This is the fourth of my posts offering psychological insights into the computer game Cafe World.
- Part One see: Just Being Sociable
- Part Two see: Goal-Setting On the Table
- Part Three see: Non-Stick, Non-Stuck, Cognitive Flexibility
So, apart from taken a total random approach, basically there are three main strategies in CW. Either you cook dishes for profit (coins) or you cook for reputation (Chef points), you cook based on your tastes in the real world.. All dishes in CW have separate points and profit ratings. Now in the early stages it is a good strategy to focus on money. This allows players to buy more tables and chairs and buy the more expensive dishes that also yield higher profits. In later stages once you have enough money, to ascend the levels it best to select dishes that yield more points, but are not necessarily the best money spinners. With the third strategy, people cook the type of food they like. So people who don’t like cheese won’t cook virtual pizza. This decision robs them of access to the dishes that would help them ascend through the levels in the game. So either, these people have not grasped that different rules apply. After all, they should be cooking for their customers and not for themselves. Maybe they are playing the game in their way and are not bothered about succeeding, just having fun.
Playing a computer game requires a degree of focus, motivation, determination, the ability to manage time and the ability to take action. It also causes us to pause and reflect about our values in life. I don’t see myself as a competitive person, but clearly I am. I did get a certain amount of pleasure from ascending the ranks and passing veteran players whose achievements seemed unattainable when I first started playing. However, playing CW also affirmed my value of cooperation. It also helped to remind my strategic skills at a time when I had unfamiliar real-world tasks to complete. It was also enormous fun, except when there were software conflicts and the program kept crashing. However, as frustrating as this was, it caused me to experiment with different browsers. I learned that the Flash application on which CW is based can conflict with other software, especially if the Flash code is not well-written. Yes, it is only a game but the principle applies to real world obstacles and problem solving. All too often people give up on their goals when life’s obstacles get in the way. Sometimes we need to find a way around the obstacle and sometimes we need to be patient. Either way, giving up is not going to get us closer to the desired result. Being resourceful or even asking for help may indeed get us over hurdles.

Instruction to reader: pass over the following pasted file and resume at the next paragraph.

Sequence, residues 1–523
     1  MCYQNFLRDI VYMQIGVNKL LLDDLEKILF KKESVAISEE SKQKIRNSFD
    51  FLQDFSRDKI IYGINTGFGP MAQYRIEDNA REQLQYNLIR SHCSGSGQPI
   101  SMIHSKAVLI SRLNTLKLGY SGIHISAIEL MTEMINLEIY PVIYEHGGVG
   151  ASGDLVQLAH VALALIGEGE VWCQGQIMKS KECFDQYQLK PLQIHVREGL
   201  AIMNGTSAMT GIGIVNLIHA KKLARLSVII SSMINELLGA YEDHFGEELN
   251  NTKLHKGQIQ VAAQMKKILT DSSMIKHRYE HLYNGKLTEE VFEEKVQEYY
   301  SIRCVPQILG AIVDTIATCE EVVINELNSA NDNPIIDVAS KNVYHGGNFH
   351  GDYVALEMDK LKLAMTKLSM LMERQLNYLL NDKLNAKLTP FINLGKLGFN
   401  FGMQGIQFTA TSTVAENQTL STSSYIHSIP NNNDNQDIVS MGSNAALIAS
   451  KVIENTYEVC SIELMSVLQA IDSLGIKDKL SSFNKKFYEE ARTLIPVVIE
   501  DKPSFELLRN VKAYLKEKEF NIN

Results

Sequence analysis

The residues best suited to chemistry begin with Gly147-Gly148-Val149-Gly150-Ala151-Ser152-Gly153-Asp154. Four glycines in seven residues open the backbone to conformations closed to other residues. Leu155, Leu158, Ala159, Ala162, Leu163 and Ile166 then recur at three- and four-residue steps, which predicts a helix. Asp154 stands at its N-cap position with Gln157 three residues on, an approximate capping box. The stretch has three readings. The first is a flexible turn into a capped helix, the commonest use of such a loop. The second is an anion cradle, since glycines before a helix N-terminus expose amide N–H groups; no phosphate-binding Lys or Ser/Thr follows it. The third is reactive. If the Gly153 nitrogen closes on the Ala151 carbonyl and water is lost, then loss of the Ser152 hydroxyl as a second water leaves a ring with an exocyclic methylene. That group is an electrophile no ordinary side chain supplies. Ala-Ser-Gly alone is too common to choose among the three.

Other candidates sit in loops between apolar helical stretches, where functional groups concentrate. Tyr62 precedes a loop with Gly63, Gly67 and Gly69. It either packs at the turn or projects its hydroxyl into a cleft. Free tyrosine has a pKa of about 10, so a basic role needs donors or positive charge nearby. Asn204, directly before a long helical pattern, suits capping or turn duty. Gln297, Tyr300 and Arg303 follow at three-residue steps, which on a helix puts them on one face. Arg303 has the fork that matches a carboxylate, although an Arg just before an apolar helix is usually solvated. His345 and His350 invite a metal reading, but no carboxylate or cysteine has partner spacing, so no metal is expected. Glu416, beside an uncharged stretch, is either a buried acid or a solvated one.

Focusing on values is the cornerstone of motivation for achieving goals in the real-world. What is important to you in life? What values do you stand for? Are your goals linked to your values? In the first part of this series of posts in Just Being Sociable. I considered the importance of co-operation as a source of motivation in my life, and the quality that motivated me to continue playing CW. Other values dear to me include fairness, curiosity and the love of learning. All of these have an impact on my motivation.
Values and motivations are not always as simplistic as in CW. However spending time to work out what is really important will help pull you along when your goals get tough. It can also serve as a challenge. If you know what is really important to you in life, then what actions are you taking that directly support these values? It’s no point valuing ‘adventerousness’ if you never embark on an adventure!
- To get started on goal-setting see Part Two: Goal-Setting On the Table.
- To read more on values see: Don’t Wait For Your Ship to Come In. . . Swim Out to Meet It!